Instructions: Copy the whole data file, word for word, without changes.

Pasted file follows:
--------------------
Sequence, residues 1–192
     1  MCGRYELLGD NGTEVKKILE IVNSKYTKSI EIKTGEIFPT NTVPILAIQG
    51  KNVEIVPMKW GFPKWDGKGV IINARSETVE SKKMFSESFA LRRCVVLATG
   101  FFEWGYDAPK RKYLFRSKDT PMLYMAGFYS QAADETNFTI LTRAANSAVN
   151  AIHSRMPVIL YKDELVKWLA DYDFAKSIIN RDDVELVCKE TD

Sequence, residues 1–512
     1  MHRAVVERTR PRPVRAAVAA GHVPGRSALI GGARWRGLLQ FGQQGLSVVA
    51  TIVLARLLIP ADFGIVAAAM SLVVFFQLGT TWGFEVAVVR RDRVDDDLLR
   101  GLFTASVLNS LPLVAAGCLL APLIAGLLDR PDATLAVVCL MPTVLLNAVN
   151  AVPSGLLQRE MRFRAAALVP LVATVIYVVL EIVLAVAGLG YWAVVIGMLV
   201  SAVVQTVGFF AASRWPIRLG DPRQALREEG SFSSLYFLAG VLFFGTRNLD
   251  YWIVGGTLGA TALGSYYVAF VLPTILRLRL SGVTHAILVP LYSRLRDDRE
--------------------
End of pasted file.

Sequence, residues 1–192
     1  MCGRYELLGD NGTEVKKILE IVNSKYTKSI EIKTGEIFPT NTVPILAIQG
    51  KNVEIVPMKW GFPKWDGKGV IINARSETVE SKKMFSESFA LRRCVVLATG
   101  FFEWGYDAPK RKYLFRSKDT PMLYMAGFYS QAADETNFTI LTRAANSAVN
   151  AIHSRMPVIL YKDELVKWLA DYDFAKSIIN RDDVELVCKE TD

Sequence, residues 1–512
     1  MHRAVVERTR PRPVRAAVAA GHVPGRSALI GGARWRGLLQ FGQQGLSVVA
    51  TIVLARLLIP ADFGIVAAAM SLVVFFQLGT TWGFEVAVVR RDRVDDDLLR
   101  GLFTASVLNS LPLVAAGCLL APLIAGLLDR PDATLAVVCL MPTVLLNAVN
   151  AVPSGLLQRE MRFRAAALVP LVATVIYVVL EIVLAVAGLG YWAVVIGMLV
   201  SAVVQTVGFF AASRWPIRLG DPRQALREEG SFSSLYFLAG VLFFGTRNLD
   251  YWIVGGTLGA TALGSYYVAF VLPTILRLRL SGVTHAILVP LYSRLRDDRE